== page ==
The new model was just under 17″ wide – a full inch wider than Martin’s dreadnoughts and Gibson’s own Jumbos. To make it look even bigger, Gibson reverted to the circular lower bout of the original small-bodied flat-tops. The first of these was made for singing cowboy movie star Ray Whitley. The body size was the same as Gibson’s L-5 archtop, and the neck featured the L-5’s pearl block inlays (custom-engraved) along with the L-5’s flowerpot peghead inlay, so the first examples of this new guitar were labeled “L-5 Spec.”

This was a truly special model. The back and sides were rosewood, which promised a booming tone. The bridge resembled a handlebar moustache with open ends. Early examples had six individual saddle poles that screwed up or down for string-height adjustment. The pickguard sported a colorful, engraved floral design. Standard fingerboard inlay was a new “crest” (a.k.a. pineapple) pattern, which was repeated in a pearl ornament on the peghead – although some, such as this month’s featured guitar, retained the L-5’s flowerpot.

Gibson quickly gave the new model its own name. Although it was smaller than the 18″ Super 400, and it was not strictly a larger version of the Jumbo dreadnought, Gibson called it the Super Jumbo and, following the example of the $400 Super 400, added the new model’s price of $200 to the name. The Super Jumbo 200 was at first offered only by custom order, and some of Whitley’s fellow singing cowboys Westernized theirs with rope-pattern purfling and other custom features.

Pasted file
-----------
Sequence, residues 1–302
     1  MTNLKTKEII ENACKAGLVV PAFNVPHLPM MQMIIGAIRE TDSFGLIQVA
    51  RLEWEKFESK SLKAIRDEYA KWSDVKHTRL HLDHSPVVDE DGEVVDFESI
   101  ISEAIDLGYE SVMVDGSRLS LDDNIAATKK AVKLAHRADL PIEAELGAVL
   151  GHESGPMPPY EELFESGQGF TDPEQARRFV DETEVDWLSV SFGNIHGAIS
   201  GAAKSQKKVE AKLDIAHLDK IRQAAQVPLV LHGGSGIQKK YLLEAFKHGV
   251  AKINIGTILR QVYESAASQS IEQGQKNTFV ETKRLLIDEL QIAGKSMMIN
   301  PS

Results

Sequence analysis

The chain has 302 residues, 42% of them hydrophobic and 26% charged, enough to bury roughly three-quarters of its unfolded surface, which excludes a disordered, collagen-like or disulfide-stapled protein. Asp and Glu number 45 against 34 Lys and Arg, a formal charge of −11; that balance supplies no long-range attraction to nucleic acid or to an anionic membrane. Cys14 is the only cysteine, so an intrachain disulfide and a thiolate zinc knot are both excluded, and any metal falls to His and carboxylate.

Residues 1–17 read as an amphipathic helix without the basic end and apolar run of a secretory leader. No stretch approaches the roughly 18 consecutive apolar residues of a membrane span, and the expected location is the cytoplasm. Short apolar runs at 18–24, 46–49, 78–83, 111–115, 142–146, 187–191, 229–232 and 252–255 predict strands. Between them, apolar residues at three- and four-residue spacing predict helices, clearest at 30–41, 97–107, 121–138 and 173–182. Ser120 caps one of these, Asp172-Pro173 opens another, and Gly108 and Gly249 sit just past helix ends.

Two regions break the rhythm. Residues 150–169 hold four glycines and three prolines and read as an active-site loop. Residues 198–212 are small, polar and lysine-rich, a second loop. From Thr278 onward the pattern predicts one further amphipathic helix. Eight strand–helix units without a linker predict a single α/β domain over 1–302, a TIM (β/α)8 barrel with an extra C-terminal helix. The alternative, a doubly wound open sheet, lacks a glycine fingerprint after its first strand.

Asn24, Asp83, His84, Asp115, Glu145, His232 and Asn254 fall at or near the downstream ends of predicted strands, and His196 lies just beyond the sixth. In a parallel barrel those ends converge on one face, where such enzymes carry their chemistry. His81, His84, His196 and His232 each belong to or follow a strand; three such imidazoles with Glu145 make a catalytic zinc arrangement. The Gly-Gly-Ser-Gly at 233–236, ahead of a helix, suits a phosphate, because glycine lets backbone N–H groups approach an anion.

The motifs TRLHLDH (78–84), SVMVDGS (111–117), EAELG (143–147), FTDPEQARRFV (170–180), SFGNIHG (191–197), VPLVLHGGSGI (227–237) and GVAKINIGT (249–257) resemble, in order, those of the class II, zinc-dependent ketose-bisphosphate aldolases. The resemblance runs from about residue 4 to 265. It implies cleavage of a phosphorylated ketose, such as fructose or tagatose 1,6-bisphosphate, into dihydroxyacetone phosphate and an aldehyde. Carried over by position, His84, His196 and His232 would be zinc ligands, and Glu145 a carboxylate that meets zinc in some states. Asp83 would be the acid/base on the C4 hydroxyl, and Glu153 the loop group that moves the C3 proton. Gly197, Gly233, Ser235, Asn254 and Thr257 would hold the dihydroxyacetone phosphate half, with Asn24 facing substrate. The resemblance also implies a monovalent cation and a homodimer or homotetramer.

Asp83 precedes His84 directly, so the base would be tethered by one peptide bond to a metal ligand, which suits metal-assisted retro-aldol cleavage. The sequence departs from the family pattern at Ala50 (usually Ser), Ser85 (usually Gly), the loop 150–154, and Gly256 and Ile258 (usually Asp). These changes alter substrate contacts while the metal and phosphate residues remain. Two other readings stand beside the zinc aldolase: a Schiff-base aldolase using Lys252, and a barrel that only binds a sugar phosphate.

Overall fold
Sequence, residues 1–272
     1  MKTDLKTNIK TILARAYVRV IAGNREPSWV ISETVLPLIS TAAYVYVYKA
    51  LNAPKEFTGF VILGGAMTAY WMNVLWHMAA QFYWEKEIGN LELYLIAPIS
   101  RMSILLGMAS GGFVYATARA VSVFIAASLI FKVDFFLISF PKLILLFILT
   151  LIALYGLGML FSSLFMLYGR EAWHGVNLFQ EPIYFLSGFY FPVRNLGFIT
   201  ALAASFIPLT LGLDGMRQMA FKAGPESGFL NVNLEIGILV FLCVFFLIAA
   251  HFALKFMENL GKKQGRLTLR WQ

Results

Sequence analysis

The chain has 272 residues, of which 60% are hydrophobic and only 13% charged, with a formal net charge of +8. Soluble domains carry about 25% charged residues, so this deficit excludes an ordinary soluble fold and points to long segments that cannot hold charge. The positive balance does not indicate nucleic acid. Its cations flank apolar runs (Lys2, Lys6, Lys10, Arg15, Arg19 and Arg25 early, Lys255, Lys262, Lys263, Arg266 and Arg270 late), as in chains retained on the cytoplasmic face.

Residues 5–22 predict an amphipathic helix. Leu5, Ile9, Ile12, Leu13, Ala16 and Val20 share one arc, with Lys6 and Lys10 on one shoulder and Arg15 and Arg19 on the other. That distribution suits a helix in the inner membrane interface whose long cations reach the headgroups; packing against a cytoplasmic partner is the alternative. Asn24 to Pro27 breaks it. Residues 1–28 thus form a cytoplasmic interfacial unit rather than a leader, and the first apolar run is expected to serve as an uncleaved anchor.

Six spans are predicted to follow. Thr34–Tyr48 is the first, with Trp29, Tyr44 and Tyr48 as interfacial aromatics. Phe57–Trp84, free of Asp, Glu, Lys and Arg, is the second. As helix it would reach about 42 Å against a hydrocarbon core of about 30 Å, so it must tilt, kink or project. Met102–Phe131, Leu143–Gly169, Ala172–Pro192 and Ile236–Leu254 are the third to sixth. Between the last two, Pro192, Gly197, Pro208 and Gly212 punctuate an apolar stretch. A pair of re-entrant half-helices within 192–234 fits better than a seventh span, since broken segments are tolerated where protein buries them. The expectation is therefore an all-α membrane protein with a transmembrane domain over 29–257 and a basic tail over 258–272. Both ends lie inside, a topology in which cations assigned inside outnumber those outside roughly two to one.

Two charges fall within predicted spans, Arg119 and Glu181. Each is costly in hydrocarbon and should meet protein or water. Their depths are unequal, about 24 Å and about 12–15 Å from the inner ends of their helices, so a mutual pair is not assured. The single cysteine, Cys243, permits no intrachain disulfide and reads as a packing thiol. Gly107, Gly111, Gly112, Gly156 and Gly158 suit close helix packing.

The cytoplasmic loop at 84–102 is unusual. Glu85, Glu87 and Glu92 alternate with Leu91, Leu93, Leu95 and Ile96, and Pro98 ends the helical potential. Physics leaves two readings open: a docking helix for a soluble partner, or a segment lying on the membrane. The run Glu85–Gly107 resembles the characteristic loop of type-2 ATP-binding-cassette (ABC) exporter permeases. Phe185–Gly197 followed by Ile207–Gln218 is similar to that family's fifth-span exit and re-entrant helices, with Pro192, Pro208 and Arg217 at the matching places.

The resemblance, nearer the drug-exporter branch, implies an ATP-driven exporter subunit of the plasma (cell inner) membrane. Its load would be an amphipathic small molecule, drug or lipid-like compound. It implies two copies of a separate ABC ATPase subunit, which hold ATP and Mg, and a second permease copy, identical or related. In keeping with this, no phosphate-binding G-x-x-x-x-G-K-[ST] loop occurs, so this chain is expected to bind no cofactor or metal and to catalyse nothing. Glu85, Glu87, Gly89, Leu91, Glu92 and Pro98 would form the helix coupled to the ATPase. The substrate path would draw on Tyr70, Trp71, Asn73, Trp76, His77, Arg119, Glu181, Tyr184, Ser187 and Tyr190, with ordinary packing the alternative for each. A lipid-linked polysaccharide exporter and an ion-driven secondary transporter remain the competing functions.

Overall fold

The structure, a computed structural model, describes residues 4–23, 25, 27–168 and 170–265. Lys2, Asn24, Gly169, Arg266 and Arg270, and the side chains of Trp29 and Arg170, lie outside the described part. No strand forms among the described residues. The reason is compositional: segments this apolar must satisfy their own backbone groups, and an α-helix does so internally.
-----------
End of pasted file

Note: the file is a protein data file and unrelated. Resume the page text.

This SJ-200, from 1940, exemplifies a new model in transition. The bridge has the standard one-piece saddle rather than the six individual saddle poles. The fingerboard inlay is the crest pattern, but the peghead still has the flowerpot. Tonally, it is everything one would expect from a large-body rosewood guitar, which is to say spectacular.

The wartime break did nothing to dampen the appeal of the SJ-200 to cowboy/country artists, even though Gibson switched to maple back and sides. The reason for the change is not recorded. While it’s arguable that the sound of rosewood might be too boomy for a guitar as big as SJ-200, Gibson’s decision to abandon rosewood bodies went across the entire line. With maple back and sides, the postwar J-200 (the S in the model name has gone in and out of use) still packed plenty of power, and it produced a more balanced and – very important in the era before good microphones and amplification – more cutting sound than the rosewood version.

Eddy Arnold, one of the biggest country stars of the 1950s, kept the SJ-200 in the public eye; his personal guitar had his name inlaid on the fingerboard. Ike Everly played an SJ-200, and when his sons Don and Phil had their first hits, they custom-ordered a matching pair. The model’s appeal widened in the 1960s to include such icons as Elvis Presley, who owned a number of J-200s, and Bob Dylan, who featured one on the cover of his Nashville Skyline album. In the 1970s, a custom-painted J-200 became a signature image for country star Emmylou Harris, and it remains a badge of identification for country artists.

Gibson today calls the J-200 “The King of the Flat-tops,” and the king has produced quite a lineage – with an entire model family plus dozens of special issues. Despite the continuing popularity of the standard maple model, rosewood has gained a respectable following. Of the 40 limited runs and variations of the J-200 offered by Gibson in the last few decades, a dozen of them (30 percent) have featured the model’s original spec of rosewood back and sides.

This article originally appeared in VG‘s September 2009 issue. All copyrights are by the author and Vintage Guitar magazine. Unauthorized replication or use is strictly prohibited.